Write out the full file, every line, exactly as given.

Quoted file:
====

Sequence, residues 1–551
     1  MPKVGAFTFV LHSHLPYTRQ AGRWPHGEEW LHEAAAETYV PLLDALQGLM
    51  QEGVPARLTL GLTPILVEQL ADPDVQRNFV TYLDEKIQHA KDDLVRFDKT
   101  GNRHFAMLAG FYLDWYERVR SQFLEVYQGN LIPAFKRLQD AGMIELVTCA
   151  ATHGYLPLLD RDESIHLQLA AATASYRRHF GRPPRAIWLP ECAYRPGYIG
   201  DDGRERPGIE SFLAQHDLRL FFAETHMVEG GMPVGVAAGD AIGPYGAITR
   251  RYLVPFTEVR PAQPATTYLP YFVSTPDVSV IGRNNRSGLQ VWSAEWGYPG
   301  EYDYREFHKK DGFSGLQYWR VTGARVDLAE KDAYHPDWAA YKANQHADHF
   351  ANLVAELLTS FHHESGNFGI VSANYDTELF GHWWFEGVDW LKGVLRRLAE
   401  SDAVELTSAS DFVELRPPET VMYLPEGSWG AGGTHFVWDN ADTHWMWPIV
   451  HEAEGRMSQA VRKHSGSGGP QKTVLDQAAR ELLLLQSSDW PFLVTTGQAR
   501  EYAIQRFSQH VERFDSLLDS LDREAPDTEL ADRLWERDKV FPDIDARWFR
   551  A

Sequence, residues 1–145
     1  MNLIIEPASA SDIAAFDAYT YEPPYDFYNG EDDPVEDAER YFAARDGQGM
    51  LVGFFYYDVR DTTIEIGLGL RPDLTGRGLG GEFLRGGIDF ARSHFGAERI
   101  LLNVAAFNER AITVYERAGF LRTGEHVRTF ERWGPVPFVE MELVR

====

Sequence, residues 1–551
     1  MPKVGAFTFV LHSHLPYTRQ AGRWPHGEEW LHEAAAETYV PLLDALQGLM
    51  QEGVPARLTL GLTPILVEQL ADPDVQRNFV TYLDEKIQHA KDDLVRFDKT
   101  GNRHFAMLAG FYLDWYERVR SQFLEVYQGN LIPAFKRLQD AGMIELVTCA
   151  ATHGYLPLLD RDESIHLQLA AATASYRRHF GRPPRAIWLP ECAYRPGYIG
   201  DDGRERPGIE SFLAQHDLRL FFAETHMVEG GMPVGVAAGD AIGPYGAITR
   251  RYLVPFTEVR PAQPATTYLP YFVSTPDVSV IGRNNRSGLQ VWSAEWGYPG
   301  EYDYREFHKK DGFSGLQYWR VTGARVDLAE KDAYHPDWAA YKANQHADHF
   351  ANLVAELLTS FHHESGNFGI VSANYDTELF GHWWFEGVDW LKGVLRRLAE
   401  SDAVELTSAS DFVELRPPET VMYLPEGSWG AGGTHFVWDN ADTHWMWPIV
   451  HEAEGRMSQA VRKHSGSGGP QKTVLDQAAR ELLLLQSSDW PFLVTTGQAR
   501  EYAIQRFSQH VERFDSLLDS LDREAPDTEL ADRLWERDKV FPDIDARWFR
   551  A

Sequence, residues 1–145
     1  MNLIIEPASA SDIAAFDAYT YEPPYDFYNG EDDPVEDAER YFAARDGQGM
    51  LVGFFYYDVR DTTIEIGLGL RPDLTGRGLG GEFLRGGIDF ARSHFGAERI
   101  LLNVAAFNER AITVYERAGF LRTGEHVRTF ERWGPVPFVE MELVR